The very first text editor 3690
The very first text editor 3694
Have you missed the aspect that the irony is already a second derivative? What do you think the word "fair" is? It's...
i think there is some of this in all the great high energy physics labs, and in several other physics departments
The very first text editor 3693
Hmm. I did, didn't I? 1984 is one of the most masterful exploitations of irony...
in the early 80's i was fortunate enough to work at Fermilab for a while. our little party of three arrived in a rental truck shortly before the winter solstice, with a load of 8x3 ft aluminum drift chambers that we had designed and built.
it was a dark and stormy night, the rain just turning to ice, in that exquisitely midwestern way, as we began unloading. we discovered that we had one pair of gloves between us, whereupon the tenured professor in our group disappeared.
he mysteriously reappeared, as tenured professors do, just as we finished.
shortly after that discouraging introduction, i received a five thousand volt electric shock while replacing a defective drift chamber, causing me to drop the 300 pound piece on said tenured professor. a proposal was was immediately tabled and unanimously carried; we repaired to yon friendly pub by the entrance, where we remained until ejected in the wee hours.
but despite my initial experiences, i must say that Fermilab was one of the best places to learn about a great many things, and physics was just one, albeit perhaps the most important.
the particular experiment i was working on was littered with PDP-11s in various stages of vivisection, which they bore uncomplainingly and well. the supercomputers were balkier, apparently due to preparations then being made to put in a great wall of tape drives, an early forerunner of the Petabyte project.
i was greatly impressed by the responsibility given even lowly grad students on the team. this occasionally backfired, as when one of them shut a beam door while the beam was on, causing much clucking and careful examination of radiation badges.
i think this comes with the turf...
i am glad they found interesting and rewarding employment. i know many who never did, and i know many who are struggling today.
The very first text editor 3692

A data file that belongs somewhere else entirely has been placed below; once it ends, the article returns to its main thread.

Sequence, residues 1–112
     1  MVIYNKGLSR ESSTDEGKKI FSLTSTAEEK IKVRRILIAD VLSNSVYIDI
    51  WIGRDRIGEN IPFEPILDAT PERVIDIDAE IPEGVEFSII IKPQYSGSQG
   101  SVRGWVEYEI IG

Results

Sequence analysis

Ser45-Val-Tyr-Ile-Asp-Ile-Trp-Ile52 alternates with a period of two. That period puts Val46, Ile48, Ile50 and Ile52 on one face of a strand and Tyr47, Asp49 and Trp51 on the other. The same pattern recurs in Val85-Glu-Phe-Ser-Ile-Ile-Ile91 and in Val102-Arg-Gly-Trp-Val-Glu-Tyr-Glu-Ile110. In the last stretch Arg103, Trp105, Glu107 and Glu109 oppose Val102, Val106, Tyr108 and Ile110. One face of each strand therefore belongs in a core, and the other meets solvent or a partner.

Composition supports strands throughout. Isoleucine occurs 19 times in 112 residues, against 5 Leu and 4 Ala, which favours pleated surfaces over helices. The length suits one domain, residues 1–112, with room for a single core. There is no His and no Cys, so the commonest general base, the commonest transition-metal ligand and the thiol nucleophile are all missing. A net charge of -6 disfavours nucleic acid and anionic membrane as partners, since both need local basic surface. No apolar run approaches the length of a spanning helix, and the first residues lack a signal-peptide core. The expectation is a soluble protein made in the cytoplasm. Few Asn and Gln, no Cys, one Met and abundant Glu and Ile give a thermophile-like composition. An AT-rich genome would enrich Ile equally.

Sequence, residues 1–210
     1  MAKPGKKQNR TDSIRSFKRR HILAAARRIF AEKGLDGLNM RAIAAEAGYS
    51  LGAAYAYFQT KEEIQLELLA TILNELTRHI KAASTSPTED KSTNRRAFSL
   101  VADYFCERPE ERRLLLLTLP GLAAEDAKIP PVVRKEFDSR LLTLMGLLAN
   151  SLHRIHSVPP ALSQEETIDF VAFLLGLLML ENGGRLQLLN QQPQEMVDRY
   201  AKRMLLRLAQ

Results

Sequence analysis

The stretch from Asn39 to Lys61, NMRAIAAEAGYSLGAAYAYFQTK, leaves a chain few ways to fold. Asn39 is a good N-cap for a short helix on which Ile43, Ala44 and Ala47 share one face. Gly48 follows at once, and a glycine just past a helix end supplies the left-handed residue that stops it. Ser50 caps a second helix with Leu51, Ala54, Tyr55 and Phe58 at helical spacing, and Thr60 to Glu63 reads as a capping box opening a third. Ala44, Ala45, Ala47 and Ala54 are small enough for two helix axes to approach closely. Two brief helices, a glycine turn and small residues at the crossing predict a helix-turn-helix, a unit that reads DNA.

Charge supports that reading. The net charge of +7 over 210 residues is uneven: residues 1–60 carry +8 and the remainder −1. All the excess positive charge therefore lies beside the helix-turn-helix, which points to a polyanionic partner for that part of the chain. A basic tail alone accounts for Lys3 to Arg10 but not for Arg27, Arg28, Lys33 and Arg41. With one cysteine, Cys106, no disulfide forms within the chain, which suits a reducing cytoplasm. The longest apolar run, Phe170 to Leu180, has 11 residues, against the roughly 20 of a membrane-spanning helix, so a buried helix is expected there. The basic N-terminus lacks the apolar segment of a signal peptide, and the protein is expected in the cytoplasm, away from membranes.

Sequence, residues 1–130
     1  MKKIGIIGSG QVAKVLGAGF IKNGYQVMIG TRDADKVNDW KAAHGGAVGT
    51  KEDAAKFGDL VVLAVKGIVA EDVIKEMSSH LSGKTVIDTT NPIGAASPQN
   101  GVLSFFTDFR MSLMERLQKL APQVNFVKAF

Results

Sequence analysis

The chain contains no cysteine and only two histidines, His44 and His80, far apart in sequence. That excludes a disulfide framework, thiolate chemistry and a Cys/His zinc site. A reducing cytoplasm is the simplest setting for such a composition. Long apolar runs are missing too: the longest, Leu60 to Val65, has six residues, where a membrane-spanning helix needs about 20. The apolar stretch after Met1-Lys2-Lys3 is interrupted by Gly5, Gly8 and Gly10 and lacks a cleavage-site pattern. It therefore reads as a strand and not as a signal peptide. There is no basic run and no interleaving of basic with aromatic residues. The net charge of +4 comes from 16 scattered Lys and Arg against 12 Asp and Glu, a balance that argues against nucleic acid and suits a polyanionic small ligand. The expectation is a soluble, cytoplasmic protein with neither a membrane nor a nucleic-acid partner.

snip All so very true. I particularly like the part about quality of raw material -- some is, of course...
many grad level courses are graded S(satisfactory)-U(unsatisfactory)
i dont know about this...in my experience we were thrown in the deep end, and expected to master whatever combination of hardware and software existed in the labs. most succeeded and some throve in this environment. in one case, the hardware i was working on failed, and i was expected to design and budget all of the replacement electronics and computers, install it, write the software, and prove the final buttembly functioned as expected. the final step involved (among other things) repeating previous experiments for which the results were known, in order to demonstrate consistency. the analytical software had to pbutt its own, similar tests.
i know very few physicists who ever took any kind of CS clbutt (although there were some that took EE courses to gain experience with fabrication processes.)
the improving bit is very important. also, one needs to have some discernment as to which references to trust, and more important, when not to code.
The very first text editor 3691
This is easy answer. VMS didn't get in their way. When they needed help to get something done, they got an accurate, reasonable and fairly immediate answer...
i was once working on reconciling some experimental data with my calculations, using an algorithm stolen from a very popular book. after i had already put in some considerable effort, my advisor wandered by, noticed the book, sweetly informed me that the algorithm in the book was flawed, and directed me to another source. i repeated my thievery, and with great energy began to bludgeon the new routines into doing what i thought i wanted. upon seeing the carnage, my advisor pointed out that while stealing code was good, knowing what to steal was better. he then produced an ancient and dusty tome wherein was inscribed the solution to a very similar problem. some thirty minutes later, with the aid of a pencil and two pages of paper, he produced the result i was seeking. i was left with the thought that (to paraphrase one of Uncle Al's favorite expressions) several weeks of coding had saved me an afternoon in the library.